An employee of Passage to Asia Restaurant on Ariapita Avenue, Port-of-Spain, sanitises the display counter as they prepare for opening today.

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Businesses are hurting badly because of COVID-19 and the government is just not doing enough to help them, the American Chamber of Commerce of T&T has said.

AMCHAM T&T made the statement yesterday in response to the Prime Minister Dr Keith Rowley’s announcement on Saturday that a phased re-opening of businesses will begin from today.

Among the businesses scheduled to reopen today are food establishments, while hardwares, electrical, and plumbing shops have been granted longer opening hours.

“We appreciate the caution being exercised at this point in the phased reopening. While we do not advocate for greater easing than has been announced at this point, the reality is that all businesses are hurting badly – most with zero sales in April and now zero for most of May. The Government’s interaction with businesses around support – both non-financial and financial – has been inadequate,” AMCHAM T&T stated.

“There are some other businesses that should be considered for exemptions to allow them to operate and we urge the Government to put in place a clear and transparent process for them to apply to do so,” it stated.

AMCHAM T&T said the government needs to take decisive action to ensure the country’s economic environment becomes more conducive for doing business.

“More broadly, the reason the Government did so well in managing the health side of the pandemic, is because they acted decisively, took responsibility, made decisions and turned those into action. For the country to recover from the dangerous economic winds swirling around us, they must now take responsibility, act quickly and decisively and collaboratively with stakeholders to make the economic environment more conducive to doing business and attracting investment,” it stated.

AMCHAM T&T lauded the government for its containment of COVID-19 in this country.

“The decisive measures, based on available data and science, that were taken to this point have undoubtedly saved countless lives and made the requirements of ‘total lockdown’ much shorter than if there had been significantly greater spread of the disease locally,” it stated.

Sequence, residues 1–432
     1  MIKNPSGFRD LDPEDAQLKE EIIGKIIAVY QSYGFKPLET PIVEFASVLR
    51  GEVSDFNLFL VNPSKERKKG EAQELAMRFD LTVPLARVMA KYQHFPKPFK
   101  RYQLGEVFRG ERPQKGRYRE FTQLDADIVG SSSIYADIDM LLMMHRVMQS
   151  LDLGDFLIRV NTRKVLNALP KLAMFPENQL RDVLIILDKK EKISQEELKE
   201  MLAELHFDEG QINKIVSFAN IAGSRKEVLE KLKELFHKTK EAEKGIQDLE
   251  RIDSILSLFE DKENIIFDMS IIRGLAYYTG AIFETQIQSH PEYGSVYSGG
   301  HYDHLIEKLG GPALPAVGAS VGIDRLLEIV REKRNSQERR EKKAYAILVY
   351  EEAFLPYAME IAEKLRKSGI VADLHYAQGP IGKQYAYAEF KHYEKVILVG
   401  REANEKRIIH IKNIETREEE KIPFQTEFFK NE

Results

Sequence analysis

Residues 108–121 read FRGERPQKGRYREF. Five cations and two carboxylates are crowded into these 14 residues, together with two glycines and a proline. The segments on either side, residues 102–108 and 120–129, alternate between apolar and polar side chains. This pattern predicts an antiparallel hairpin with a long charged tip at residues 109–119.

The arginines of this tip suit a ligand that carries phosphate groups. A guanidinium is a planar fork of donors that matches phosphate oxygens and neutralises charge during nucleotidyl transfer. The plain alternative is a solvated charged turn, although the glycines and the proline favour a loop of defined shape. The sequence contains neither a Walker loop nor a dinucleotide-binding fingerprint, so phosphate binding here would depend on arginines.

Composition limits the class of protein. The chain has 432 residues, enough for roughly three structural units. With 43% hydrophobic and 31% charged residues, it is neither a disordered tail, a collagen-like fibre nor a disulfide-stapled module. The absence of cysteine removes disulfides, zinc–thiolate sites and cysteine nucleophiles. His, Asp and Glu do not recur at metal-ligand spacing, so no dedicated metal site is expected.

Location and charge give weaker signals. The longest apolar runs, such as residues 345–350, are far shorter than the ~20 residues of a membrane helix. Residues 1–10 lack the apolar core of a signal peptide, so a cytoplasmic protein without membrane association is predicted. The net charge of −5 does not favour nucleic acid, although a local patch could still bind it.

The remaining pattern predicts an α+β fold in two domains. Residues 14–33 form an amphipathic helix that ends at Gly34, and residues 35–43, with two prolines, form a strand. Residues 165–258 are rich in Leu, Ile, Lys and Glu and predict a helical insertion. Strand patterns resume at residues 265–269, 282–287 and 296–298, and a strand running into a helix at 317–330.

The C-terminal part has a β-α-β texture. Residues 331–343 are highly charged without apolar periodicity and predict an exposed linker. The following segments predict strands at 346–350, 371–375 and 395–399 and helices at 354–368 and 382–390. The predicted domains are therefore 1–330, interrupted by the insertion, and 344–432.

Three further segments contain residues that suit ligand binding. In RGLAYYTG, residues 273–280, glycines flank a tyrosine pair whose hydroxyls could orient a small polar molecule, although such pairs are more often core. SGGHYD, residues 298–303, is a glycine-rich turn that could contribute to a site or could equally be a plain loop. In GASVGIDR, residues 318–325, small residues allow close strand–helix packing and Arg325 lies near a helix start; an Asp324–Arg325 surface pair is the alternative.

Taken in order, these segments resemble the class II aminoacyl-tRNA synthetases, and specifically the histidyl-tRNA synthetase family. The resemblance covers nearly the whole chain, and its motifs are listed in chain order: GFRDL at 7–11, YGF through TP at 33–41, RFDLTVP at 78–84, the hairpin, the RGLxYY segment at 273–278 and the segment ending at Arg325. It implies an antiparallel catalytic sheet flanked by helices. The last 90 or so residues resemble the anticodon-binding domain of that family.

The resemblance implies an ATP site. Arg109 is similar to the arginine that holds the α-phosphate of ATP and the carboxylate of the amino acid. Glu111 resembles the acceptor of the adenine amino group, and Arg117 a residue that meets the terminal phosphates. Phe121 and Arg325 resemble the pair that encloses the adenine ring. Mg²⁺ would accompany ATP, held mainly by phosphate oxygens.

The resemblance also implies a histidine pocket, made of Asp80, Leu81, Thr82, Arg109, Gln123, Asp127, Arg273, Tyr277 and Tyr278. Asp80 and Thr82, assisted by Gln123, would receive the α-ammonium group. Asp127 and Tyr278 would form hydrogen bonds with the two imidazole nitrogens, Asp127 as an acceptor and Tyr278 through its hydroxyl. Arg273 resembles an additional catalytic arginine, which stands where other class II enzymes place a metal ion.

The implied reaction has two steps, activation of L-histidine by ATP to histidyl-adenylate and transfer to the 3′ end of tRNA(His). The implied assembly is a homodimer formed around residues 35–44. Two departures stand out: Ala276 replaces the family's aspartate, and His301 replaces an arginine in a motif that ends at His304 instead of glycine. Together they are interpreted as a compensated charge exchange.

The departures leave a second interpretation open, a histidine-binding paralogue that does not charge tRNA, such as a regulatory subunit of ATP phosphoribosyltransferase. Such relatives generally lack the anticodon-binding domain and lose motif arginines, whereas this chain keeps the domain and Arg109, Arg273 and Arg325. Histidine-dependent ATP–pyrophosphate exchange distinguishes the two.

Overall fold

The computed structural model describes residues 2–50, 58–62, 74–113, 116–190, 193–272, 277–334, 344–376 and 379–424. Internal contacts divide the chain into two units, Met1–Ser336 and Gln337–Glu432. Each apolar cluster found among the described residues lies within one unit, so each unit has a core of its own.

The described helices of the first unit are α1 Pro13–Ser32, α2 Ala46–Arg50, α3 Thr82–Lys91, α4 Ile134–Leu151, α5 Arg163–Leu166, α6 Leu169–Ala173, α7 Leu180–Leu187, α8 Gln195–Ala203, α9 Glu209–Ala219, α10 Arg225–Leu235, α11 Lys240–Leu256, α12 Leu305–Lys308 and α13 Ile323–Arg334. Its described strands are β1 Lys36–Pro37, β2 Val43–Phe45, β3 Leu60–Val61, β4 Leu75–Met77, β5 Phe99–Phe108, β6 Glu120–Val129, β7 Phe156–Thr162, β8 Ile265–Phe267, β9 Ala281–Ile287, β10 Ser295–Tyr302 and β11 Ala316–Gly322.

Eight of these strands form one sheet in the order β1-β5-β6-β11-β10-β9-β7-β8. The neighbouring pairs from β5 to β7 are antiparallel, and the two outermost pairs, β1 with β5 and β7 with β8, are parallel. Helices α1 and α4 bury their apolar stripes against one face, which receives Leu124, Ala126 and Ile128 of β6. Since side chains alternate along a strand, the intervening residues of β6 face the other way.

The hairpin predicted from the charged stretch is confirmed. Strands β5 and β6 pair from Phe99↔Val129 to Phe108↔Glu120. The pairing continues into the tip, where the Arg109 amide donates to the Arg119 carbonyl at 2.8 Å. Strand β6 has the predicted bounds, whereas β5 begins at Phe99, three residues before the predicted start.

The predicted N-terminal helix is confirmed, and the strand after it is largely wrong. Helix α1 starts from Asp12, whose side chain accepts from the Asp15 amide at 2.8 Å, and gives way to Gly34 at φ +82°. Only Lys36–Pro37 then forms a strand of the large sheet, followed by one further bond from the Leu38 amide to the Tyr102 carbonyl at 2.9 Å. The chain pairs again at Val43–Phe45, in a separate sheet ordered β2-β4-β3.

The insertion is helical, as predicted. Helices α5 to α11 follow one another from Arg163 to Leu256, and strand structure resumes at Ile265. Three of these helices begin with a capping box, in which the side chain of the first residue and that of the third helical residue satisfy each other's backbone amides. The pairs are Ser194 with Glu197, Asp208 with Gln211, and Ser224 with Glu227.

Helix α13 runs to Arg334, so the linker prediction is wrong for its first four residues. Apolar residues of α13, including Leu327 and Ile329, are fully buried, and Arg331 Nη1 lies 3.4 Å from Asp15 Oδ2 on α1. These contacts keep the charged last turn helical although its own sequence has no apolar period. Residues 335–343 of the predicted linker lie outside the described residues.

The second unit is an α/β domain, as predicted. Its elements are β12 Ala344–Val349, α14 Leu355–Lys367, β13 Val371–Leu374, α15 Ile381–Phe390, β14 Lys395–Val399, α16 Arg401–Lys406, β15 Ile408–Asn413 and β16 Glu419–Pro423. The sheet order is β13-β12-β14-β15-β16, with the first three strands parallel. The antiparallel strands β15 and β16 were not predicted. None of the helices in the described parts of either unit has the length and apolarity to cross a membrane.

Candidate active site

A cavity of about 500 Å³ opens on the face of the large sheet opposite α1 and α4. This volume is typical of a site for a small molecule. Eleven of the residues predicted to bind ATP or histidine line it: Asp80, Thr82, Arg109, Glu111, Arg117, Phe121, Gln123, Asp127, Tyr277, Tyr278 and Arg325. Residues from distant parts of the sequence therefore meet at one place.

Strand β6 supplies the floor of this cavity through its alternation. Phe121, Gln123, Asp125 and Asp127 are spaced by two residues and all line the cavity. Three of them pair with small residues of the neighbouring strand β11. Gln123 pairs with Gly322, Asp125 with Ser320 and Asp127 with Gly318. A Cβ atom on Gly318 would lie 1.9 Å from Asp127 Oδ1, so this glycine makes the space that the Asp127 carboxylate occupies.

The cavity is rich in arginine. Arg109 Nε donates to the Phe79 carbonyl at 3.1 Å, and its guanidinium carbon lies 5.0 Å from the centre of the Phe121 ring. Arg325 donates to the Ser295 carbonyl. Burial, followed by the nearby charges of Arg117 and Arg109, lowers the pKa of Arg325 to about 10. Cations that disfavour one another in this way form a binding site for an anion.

However, AMCHAM T&T said the fact that fewer than 2,000 people in this country have been tested so far is “concerning”.

“What is a little more concerning is that fewer than 2,000 people have been tested so far. This means that an accurate assessment of risk is not entirely possible,” it stated.

According to the Ministry of Health’s 10 am daily COVID-19 update yesterday the number of unique patient tests completed was 1,966.

AMCHAM T&T’s chief executive officer Nirad Tewarie was among a group of this country ‘s private sector executives and labour leaders who wrote Prime Minister Dr Rowley on April 16 calling on him to convene and chair an emergency meeting of the National Tripartite Advisory Council (NTAC) to deal with the job loss expected to take place because of the COVID-19 pandemic.

Rowley has not responded to that request as yet.

Dr Thackwray Driver the chief executive officer of the Energy Chamber of T&T who was one of the signatories of that letter said he believes now is the perfect time for a new relationship between the tripartite partners to be established.

“The Energy Chamber believes that the current crisis presents an excellent opportunity to forge a new relationship between the tripartite partners (business, labour and government),” Driver stated.

“An improved industrial relations environment is a prerequisite for long-term economic transformation and do not want to waste the opportunity that the current crisis presents, “ he stated.

General secretary of the Joint Trade Union Movement Ozzi Warwick who was also a signatory said the letter was a historic one because it showed business organisations and trade unions coming together recognising the crisis the country is facing.

Warwick said he expects Rowley to respond to the letter.